Brittany earned her Bachelor of Science in Supply Chain Management at North Carolina A&T State University before beginning her career in merchandising. Most recently, Brittany worked at Amazon Fashion buying Contemporary Denim and Fast Fashion before transitioning to their global private label product development team. At Amazon, Brittany partnered with and advised major brands across the industry, creating tools and processes to streamline and automate merchandising science. True to her commitment to leverage every opportunity to support diversity and her alma mater, in 2018 she established a partnership with Amazon and NC A&T to grow alumni engagement and student recruitment.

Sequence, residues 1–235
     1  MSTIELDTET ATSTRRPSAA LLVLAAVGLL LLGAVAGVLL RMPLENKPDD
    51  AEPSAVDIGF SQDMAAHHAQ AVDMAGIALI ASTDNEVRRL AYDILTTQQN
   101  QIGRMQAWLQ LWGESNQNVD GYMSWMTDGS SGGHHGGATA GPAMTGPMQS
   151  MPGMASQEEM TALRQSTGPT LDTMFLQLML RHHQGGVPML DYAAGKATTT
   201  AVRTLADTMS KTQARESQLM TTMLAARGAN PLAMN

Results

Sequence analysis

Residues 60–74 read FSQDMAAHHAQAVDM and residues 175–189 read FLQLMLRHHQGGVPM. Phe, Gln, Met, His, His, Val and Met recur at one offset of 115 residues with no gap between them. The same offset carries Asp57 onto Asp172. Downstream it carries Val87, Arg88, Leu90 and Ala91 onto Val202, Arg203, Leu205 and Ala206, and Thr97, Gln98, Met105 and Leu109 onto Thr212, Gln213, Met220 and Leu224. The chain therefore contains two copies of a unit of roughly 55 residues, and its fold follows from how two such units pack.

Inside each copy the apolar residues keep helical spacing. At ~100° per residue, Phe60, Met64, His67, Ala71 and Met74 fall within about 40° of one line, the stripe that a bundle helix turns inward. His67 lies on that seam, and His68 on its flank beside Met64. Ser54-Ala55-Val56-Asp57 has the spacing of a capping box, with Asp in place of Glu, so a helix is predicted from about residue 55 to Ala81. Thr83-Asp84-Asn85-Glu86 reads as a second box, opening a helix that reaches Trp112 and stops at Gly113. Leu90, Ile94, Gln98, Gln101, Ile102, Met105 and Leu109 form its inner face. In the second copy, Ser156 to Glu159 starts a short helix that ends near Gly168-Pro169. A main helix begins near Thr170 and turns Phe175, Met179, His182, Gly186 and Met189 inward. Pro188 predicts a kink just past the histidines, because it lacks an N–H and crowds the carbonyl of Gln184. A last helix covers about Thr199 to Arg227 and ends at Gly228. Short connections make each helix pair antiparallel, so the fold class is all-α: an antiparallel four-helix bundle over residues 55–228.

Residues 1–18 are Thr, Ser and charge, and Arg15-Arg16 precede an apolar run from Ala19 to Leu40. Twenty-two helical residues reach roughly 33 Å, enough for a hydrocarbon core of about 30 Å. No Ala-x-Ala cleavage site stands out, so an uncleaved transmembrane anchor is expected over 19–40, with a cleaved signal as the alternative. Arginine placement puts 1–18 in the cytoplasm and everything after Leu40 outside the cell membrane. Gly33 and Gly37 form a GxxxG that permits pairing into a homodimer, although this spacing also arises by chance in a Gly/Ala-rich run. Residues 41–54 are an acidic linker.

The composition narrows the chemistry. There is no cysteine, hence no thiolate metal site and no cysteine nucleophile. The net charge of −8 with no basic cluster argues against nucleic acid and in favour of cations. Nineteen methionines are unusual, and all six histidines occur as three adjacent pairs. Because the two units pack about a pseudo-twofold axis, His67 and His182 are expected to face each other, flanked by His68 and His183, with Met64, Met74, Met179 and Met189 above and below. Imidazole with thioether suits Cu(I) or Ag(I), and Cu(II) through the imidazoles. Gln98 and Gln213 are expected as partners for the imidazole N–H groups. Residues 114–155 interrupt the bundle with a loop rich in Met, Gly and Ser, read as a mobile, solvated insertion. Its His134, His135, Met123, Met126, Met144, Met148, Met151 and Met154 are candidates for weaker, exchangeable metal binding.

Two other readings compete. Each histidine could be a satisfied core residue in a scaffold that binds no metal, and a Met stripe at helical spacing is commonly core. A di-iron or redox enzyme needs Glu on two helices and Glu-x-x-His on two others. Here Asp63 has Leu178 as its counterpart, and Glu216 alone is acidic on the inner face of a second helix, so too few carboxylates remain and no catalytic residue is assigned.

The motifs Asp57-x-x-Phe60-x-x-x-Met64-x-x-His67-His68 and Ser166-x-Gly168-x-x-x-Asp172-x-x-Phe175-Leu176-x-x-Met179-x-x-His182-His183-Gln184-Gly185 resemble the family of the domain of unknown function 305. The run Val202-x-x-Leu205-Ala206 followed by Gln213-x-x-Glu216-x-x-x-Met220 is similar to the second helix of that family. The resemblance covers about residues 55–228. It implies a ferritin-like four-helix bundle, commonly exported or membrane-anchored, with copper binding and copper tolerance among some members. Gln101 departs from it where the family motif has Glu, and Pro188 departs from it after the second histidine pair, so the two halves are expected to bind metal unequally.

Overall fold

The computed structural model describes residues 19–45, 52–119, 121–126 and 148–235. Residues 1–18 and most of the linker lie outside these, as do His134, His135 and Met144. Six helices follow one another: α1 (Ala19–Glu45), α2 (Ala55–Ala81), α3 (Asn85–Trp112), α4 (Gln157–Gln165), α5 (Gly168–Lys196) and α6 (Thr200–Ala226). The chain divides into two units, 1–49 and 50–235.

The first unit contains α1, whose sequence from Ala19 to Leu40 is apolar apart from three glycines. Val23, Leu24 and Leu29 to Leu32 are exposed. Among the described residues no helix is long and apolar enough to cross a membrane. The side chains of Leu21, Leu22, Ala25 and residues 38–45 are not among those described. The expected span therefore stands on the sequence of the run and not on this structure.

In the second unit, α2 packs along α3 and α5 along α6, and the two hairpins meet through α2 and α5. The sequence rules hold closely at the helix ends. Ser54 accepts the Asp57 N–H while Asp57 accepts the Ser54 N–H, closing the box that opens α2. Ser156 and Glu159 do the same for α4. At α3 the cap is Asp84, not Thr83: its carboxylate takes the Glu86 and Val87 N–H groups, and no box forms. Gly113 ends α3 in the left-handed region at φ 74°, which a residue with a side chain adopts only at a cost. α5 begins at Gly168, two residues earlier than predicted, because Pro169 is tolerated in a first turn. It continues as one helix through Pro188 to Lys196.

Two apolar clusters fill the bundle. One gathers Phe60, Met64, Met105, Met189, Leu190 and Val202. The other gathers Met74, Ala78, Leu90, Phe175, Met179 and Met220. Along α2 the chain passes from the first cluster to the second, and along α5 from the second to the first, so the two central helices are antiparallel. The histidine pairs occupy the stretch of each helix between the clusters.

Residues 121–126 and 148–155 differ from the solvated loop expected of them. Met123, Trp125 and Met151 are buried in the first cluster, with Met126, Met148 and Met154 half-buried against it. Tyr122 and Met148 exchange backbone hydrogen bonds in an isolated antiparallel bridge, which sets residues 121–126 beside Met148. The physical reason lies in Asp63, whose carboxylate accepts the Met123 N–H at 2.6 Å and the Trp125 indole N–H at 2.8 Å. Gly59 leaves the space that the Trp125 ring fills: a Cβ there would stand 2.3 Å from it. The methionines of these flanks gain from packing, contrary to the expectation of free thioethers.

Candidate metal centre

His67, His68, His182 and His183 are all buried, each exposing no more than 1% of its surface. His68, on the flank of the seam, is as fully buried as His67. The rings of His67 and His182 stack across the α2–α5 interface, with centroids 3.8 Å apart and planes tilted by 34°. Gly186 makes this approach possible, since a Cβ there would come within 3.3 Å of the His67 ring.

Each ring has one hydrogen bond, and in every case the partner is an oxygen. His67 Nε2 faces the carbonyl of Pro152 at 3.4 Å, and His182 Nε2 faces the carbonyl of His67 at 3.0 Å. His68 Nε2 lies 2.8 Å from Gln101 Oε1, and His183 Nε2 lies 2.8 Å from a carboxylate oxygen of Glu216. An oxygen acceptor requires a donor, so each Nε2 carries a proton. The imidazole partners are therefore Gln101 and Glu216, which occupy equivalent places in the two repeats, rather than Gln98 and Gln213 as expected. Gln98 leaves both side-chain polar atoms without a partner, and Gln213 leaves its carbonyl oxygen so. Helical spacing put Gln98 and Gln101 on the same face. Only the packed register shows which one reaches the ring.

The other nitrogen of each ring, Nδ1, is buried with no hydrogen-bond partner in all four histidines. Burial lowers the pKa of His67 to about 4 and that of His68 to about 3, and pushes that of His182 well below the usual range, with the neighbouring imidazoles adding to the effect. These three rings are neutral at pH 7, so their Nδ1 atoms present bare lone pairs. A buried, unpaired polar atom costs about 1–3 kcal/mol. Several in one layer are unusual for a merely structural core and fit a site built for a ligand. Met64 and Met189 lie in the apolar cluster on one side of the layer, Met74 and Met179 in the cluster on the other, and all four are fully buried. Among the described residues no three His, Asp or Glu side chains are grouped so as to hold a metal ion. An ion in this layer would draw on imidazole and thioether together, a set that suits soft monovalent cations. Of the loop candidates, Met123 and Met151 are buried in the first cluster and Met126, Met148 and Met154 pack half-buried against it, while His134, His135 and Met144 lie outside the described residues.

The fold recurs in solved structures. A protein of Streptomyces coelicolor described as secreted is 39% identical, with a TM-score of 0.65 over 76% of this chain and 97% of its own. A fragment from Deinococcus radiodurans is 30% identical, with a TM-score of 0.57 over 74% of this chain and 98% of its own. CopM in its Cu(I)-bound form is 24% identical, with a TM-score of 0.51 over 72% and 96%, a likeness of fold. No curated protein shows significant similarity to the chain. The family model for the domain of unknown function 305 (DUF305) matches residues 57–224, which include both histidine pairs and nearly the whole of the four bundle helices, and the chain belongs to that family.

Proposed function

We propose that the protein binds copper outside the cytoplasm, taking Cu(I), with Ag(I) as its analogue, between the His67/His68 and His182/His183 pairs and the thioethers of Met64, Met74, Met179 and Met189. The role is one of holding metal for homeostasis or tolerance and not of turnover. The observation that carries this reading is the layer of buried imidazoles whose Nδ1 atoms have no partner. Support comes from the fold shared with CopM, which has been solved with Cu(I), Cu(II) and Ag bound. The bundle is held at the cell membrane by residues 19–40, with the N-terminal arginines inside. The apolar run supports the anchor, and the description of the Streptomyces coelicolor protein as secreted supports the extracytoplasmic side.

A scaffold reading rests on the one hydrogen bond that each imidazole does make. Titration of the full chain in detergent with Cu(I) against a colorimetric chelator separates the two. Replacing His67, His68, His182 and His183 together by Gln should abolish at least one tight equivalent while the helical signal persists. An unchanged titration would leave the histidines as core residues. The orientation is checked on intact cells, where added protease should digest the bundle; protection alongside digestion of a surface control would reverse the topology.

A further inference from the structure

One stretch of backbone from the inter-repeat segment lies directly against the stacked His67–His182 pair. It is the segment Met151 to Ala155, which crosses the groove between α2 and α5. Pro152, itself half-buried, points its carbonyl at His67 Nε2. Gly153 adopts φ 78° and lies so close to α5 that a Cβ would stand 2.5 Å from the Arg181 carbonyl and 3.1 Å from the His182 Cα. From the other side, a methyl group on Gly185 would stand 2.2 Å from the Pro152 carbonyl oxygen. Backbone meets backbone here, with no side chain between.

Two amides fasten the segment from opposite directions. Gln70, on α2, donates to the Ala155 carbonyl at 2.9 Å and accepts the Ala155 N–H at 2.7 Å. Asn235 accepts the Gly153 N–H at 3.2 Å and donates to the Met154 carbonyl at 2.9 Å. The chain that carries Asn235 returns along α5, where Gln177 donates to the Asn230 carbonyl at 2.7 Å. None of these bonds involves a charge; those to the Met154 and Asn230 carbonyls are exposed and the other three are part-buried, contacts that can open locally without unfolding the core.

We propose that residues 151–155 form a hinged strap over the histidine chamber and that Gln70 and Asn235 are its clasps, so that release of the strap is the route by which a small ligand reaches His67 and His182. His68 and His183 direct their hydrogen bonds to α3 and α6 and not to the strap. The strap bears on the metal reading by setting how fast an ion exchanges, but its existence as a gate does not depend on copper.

After hosting the first Women of Color FashTech Brunch, Jessica and Britany co-founded Fayetteville Road to help brands and retailers match people to product leveraging technology to create immersive consumer experiences for women of color. Fayetteville Road curates the WOC Worldwide community and hosts The Women of Color FashTech Brunch semi-annually, bringing together women of color in fashion, tech, and other creative spaces. Jessica has written almost 100 articles highlighting gaps in the retail space, including contributions for publications like Women’s Wear Daily and Brittany has been highlighted in Seattle Magazine and The Startup on Medium for her contributions in fashion education.
Thank you so much for joining us! Can you share the most interesting story that happened to you since you started?